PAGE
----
Guadeloupe – Saint-Francois (Senfwanswà)

Although quieter than Sainte-Anne, Saint-François offers a wider variety of touristic establishments than the majority of the other villages in Guadeloupe. Activities offered in the area include golf, a casino and a Museum of Fine Arts.

In the more central section of Saint-François, we discover the town hall, the Saint-Francois church and the Rotonde (Rotunda).

La Rotonde is a local produce market offering indoor and outdoor stands and where you can find jewelry, spices whose scent will tickle your nose, delicious juices and fresh fruits and vegetables perfect for your next meal. This round, lively space is surrounded by shops and restaurants. We’ve been there twice, but our visit on a sunny Sunday in August 2022, was pretty quiet and only one restaurant was open. From the Rotonde, you are a few steps from the town hall and the church.

The church of Saint-François-d’Assise was rebuilt in 1932 after the passage of a cyclone in 1928. It is located on a large square where the monument “pro patria” is presented, a tribute to the heroes of Saint-François who died for France. The second work, of which I have little information, is a meaningful art project.  I see a human with a pierced heart but still standing in front of a wall with a narrow opening and finding itself in front of obstacles. My interpretation, which may differ from yours, is a person’s heartbreaking chance of a new beginning but full of upcoming pitfalls.

A waterfront village is likely to have beaches. One of the most famous is the Raisins-Clairs beach. This admirable setting with its trees provides the shade so much sought by visitors. Unfortunately, this beach, one of the most popular on the island according to several tourist guides, was deserted during our visit (August 2022) because of sargassum. The ideal landscape for a moment with family or friends was spoiled by this smelly brown algae. Our nature is fragile and can be disrupted at any time. Proof that we must now think about having more than one option when choosing a destination. Fortunately, there are other swimming options in Saint-François.

Right next to Raisins-Clairs Beach, the Indian Cemetery draws attention. Under the cemetery, the erosion has led to the discovery of a mortuary site for slaves. Human bones were found adrift on the main beach.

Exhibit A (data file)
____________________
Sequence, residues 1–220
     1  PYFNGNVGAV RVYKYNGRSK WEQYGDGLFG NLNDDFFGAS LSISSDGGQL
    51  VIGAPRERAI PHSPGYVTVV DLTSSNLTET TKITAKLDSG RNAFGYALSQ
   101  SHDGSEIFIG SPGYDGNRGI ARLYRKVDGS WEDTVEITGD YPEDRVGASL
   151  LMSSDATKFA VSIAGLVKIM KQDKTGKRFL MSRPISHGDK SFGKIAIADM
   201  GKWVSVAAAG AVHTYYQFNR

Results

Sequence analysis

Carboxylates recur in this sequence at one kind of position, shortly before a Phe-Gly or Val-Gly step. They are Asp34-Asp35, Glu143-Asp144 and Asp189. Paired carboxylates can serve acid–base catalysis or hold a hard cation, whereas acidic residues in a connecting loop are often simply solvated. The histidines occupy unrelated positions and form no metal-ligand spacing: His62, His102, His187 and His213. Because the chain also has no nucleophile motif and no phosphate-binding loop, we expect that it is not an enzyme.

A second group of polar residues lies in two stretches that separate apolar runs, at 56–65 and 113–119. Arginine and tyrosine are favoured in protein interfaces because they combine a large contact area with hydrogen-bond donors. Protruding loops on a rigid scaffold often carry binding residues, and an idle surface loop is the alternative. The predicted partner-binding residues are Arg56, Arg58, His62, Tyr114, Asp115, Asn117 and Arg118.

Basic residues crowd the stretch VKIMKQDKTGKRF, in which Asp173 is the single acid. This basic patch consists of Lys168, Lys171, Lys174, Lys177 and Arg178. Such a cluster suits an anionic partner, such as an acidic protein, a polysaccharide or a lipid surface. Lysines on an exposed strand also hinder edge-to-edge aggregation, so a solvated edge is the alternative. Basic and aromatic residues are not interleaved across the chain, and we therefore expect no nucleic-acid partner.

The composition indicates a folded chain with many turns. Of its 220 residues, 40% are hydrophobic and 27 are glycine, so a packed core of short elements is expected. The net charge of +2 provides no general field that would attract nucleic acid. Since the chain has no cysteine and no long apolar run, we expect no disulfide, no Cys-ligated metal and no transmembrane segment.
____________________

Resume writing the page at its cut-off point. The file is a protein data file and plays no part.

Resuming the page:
The logging opportunities and the diverse style allow travelers to choose their best option in this extreme southeast part of the island.

Saint-François is where departures to visit the islands of La Désirable, Marie-Galante and Les Saintes take place. The ferry terminal also welcomes visitors from outside the archipelago.

The nautical options in several forms are valued here and the marina welcomes private yachts. If you want to sail, rent a jet ski, learn about windsurfing and so on. Think about going to Saint-François.

Around the marina, shops, pharmacies, and restaurants are available.

The fishing port is the place where you can get fresh fish.

Land access via the only main road is sometimes difficult due to the traffic in Sainte-Anne.

The roundabouts all around the island are frequently embellished with unique works. Around Saint-François you will pass by the statue of Martin Luther King, an important black man, politician, a man of faith and an outstanding orator who always peacefully led people to think and act for the equality of black people. There is also a statue of Louis Delgrès who sacrificed his life against slavery on the island. The Slave Memorial highlights the sad past of several island ancestors who painfully endured a mentality of repression. The Monument to the Indians recalls the members of a large local community of Indians resulting from the mass immigration to the island.

Another way to reach Saint-François is the mini-airport for a private plane. The airstrip is very close to the international 18-hole golf course and luxury tourist accommodation. Be vigilant in your choice of accommodation, as the buildings do not necessarily age well. 

If you head towards La Pointe des Châteaux, you will pass by the golf course and a series of beaches. Your stops may be to simply admire its beauty, have a dip, see its depths or have a deserved relaxation moment.

La Pointe des Châteaux, which sits at the eastern end of the island, exhibits rock shapes sculpted by the weather, wind and water that washes over the peninsula. On the way, in addition to the beaches, there is also a craft village and the Kreol West Indies museum, a space where Creole art and heritage are showcased.

Finally, a large body of water, the Simonière pond, is not necessarily worth the detour in itself, but if you see it, know that it exists thanks to the hard handwork of slaves. The accumulated water could thus supply the mills, provide for daily needs and water the fields in a context where running water did not exist.

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